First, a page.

Friday 18 May 2018

One of the Mistle Thrushes near the Albert Memorial collected brightly coloured caterpillars for its nestlings.

Above it, a pair of Rose-Ringed Parakeets mated on a twig.

A Pied Wagtail flew out to catch insects from his station on the boathouse roof, and sang occasionally.

A Grey Wagtail was looking for small edible creatures at the water's edge by the Lido restaurant.

A Magpie dried itself after a wash in the Serpentine.

A Carrion Crow dunked some crsips in the lake. Crows like their crisps soggy. Probably also the water washes out some of the salt.

It's hard to know what's going on in the Grey Herons' nests on the island. I think the lower one, which certainly had eggs in it for the second time, has failed again, but there is still occasionally a noise of one chick begging for food in the almost invisible upper nest. But today a heron revisited the lower nest, if only to preen.

The Great Crested Grebes at the island fed their chicks on tiny things, possibly insects snatched off the surface of the lake, and chased off a Coot that got too close.

Coots often make new nests after their chicks have hatched. This one is on the little island in the Long Water made for the Mute Swans to nest on, which the Coots have always wanted for themselves but were chased off. Now that the cygnets are out on the lake, the Coots may get their way.

Another Coot built yet another nest in an impossible place on the edge of the Serpentine.

On Wednesday there was a picture of a Coot which had got into one of the boathouses in spite of their new defences of metal mesh. The people at Bluebird Boats report that there's now a Coot nesting in the other boathouse too.

The Mute Swans were touting for food at the Peter Pan statue. The male saw another swan too close to the family, chased it away, and had a self-satisfied wash. Then the female led the cygnets off to the newly cleared area.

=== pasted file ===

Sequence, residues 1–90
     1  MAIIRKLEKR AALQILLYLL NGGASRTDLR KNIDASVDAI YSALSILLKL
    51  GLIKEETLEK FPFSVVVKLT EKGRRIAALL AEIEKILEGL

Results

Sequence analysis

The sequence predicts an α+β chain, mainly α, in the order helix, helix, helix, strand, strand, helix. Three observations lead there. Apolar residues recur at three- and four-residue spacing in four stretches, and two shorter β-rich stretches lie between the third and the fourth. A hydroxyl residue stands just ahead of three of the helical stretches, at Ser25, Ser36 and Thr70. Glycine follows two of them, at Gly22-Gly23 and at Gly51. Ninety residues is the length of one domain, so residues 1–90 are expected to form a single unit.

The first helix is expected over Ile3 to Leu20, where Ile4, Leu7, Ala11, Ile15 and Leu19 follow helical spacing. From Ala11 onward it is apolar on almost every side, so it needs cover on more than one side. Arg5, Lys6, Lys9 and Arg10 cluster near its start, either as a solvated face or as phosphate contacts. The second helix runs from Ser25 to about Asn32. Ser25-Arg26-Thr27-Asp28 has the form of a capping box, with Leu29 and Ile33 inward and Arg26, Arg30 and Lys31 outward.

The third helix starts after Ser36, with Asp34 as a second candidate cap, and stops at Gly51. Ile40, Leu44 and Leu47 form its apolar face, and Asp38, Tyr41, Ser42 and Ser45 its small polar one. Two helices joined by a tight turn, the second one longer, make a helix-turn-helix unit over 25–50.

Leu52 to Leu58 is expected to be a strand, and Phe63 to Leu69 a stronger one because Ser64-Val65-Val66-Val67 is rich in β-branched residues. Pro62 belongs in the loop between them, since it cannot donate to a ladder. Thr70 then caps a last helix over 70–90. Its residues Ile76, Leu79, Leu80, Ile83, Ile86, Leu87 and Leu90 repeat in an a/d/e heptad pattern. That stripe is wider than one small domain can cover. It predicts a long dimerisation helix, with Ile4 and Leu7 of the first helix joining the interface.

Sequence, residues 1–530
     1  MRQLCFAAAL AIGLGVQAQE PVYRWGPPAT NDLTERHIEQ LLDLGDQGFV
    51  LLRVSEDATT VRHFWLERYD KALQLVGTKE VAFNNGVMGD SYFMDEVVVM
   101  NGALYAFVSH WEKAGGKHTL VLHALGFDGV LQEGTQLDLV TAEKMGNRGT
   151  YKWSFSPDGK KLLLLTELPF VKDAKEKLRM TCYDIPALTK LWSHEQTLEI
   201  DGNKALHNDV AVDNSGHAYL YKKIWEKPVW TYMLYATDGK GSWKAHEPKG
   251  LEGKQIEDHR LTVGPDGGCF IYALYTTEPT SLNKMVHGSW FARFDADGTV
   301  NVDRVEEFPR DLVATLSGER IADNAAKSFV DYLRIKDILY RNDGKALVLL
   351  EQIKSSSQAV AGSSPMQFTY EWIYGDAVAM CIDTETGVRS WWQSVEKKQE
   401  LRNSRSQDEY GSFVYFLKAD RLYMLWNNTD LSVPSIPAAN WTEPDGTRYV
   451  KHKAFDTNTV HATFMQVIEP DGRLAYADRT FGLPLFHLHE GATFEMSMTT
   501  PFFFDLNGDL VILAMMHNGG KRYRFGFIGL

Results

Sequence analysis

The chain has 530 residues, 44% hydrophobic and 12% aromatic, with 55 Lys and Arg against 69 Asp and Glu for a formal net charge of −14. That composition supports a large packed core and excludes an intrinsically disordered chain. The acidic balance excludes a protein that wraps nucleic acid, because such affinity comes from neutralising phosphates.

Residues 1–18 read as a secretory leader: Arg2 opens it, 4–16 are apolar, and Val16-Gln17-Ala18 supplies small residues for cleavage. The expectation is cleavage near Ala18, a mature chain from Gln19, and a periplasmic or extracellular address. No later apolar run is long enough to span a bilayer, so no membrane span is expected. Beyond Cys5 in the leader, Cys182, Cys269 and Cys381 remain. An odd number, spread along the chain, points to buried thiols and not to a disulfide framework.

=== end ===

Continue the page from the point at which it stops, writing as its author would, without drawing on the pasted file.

The Greylag Geese brought their goslings to the edge to be fed. They seemed quite happy with ordinary bird seed.

The two Canada families still have 15 and 2 goslings, and were keeping them in the shelter of trees beside the Serpentine.

The Egyptian Geese at the Round Pond stiill had eight young, including the two rescued and returned by Virginia yesterday.

A Mallard near the bridge had two ducklings.

There is a blonde female Mallard at the east end of the Serpentine. These occasionally appear in shades from slightly pale to almost white.

Honeybees collected nectar from the allium flowers in the Rose Garden. We shall never know whether it makes the honey taste of onions, as there are no hives in the park -- though I think there are in Regent's Park.


  1. I live in Ground Zero of honey production, and I have never heard of onion-flavoured honey. Virulently toxic honey, yes.

    Do Coots pose any danger to Grebe chicks? That Grebe parent seemed quite determined to get the Coot out of the way.

    I don't think I had ever seen a smug Swan. Now I have.

    1. Yes, I had wondered about the mad honey mentioned in the Anabasis, and was pleased to find an explanation. Later I used the idea in this scene from Tilda and the Witches.

      Coots do sometimes kill Great Crested Grebe chicks if the nests are close and the chick doesn't dive fast enough. Grebes leave Coot chicks alone. But the two species are eternally at war.

  2. Melibee, Ashbee, and Bumblebee. I'm dying!

  3. Melibee is Chaucer's name for St Melibeus, and Chaucer told a deiberately dreary and inept story about him in the Canterbury Tales as as a bit of self-deprecation. Ashbee was the name of a Victorian pornographer who used the pen name of Pisanus Fraxi, garbled from Fraxinus Apis.